Meanwhile, how can intelligent design be falsified? If a possible method of evolution is found for one of Michael Behe’s supposed examples of “irreducible complexity” (as has happened in every case), who’s to say the designer didn’t make the thing to look designed? There’s no definitive way to establish that ID is wrong, which means there’s no way to be at all confident that it’s right.

    What of religion? How could the Christian god possibly be falsified? In other words, if you’re wrong about His existence, how could you ever possibly know? The answer is the same as for all the mutually exclusive gods others have believed in for centuries: you can’t. If there isn’t a god, you can live your whole life thinking there is one and never be authoritatively contradicted. If you’re already irrationally confident that there is one, that’s all you need, but it sure doesn’t mean you’re right.

    To summarise, certain things have very good reasons to be assumed and others don’t.

  3. SmartLX – it is certainly obvious you’ve spent more time thinking about this particular question and have done more discussing it than I have – but I suppose we must all start somewhere. Thanks again for deconstructing my argument point by point, it’s appreciated.

    The reason I ask about the format is that you are obviously responsive and interested – so I’d like to keep a conversation going. I don’t have much confidence that either of us would ultimately come to a different conclusion, but I think the dialogue would be beneficial nonetheless.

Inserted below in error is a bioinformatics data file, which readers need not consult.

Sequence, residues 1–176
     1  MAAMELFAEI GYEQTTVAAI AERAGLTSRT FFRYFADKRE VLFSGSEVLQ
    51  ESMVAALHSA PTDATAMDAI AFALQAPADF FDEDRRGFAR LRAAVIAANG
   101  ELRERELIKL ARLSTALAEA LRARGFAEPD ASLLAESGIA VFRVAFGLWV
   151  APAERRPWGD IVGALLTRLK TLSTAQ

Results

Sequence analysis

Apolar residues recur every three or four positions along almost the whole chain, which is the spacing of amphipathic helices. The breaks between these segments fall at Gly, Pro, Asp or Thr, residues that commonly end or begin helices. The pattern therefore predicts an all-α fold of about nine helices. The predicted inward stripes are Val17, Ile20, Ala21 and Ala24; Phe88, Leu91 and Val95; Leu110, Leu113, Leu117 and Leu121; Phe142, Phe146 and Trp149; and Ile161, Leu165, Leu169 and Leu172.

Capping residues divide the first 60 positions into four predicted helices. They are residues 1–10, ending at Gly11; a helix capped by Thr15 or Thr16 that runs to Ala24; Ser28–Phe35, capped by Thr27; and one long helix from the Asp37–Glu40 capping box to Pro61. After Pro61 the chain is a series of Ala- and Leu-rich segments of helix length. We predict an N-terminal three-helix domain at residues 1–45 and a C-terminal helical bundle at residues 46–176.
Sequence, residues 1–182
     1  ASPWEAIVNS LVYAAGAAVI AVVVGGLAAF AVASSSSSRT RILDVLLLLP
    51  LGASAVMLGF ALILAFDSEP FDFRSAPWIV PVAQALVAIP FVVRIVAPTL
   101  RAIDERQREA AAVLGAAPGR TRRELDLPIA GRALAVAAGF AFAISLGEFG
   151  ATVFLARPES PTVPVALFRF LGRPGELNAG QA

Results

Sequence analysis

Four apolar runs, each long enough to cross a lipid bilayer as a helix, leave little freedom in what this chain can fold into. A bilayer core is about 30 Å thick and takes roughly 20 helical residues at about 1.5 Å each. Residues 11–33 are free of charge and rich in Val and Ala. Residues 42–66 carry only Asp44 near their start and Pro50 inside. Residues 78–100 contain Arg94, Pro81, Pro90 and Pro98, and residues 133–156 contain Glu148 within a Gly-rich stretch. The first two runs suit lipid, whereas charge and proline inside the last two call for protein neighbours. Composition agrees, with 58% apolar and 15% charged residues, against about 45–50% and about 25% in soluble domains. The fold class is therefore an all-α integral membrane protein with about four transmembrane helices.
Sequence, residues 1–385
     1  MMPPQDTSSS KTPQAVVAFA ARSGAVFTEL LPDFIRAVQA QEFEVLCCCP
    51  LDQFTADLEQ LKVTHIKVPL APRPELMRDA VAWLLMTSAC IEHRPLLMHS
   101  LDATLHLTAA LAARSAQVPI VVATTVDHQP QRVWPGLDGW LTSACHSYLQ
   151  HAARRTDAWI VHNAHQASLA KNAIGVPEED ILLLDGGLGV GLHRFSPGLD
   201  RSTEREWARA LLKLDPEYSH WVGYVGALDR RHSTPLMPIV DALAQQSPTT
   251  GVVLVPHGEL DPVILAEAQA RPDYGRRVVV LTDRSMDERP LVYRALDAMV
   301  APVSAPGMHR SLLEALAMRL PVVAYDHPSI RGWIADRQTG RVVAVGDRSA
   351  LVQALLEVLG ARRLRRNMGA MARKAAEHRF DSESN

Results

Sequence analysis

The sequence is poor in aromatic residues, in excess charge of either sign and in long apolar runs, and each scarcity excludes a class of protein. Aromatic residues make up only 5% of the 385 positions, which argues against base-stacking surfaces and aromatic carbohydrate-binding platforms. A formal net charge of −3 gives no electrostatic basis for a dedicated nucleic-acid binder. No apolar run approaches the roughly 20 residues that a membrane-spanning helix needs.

Regarding your first point – I think it all depends on who you talk to. Conspiracy theorists and religionists, as I’ll group myself, can often have much in common – and that is the issue of falsifiability. A conspiracy theorist won’t “let” his argument be falsified. That is, if someone presents a logical argument that invalidates their hypothesis, they just simply change the hypothesis. I’ve no doubt that I’ll “beg the question” as such from time to time, but I try not to do it on purpose. Please call me out if I do.

    I think the “confidence” you refer to may, at times, be misunderstood. While there are those that are unthinkingly confident, and don’t care what anyone has to say, there are also others who may be seen as confident, when in reality, it’s only because their “knowledge” is not based on rational posits and conclusions. Which, I don’t doubt, is eminently frustrating to those who attempt to base all there knowledge on those logical constructs. With that in mind, a bit of a personal question. Do you feel that you have any beliefs or behaviors that cannot be justified or explained logically or rationally?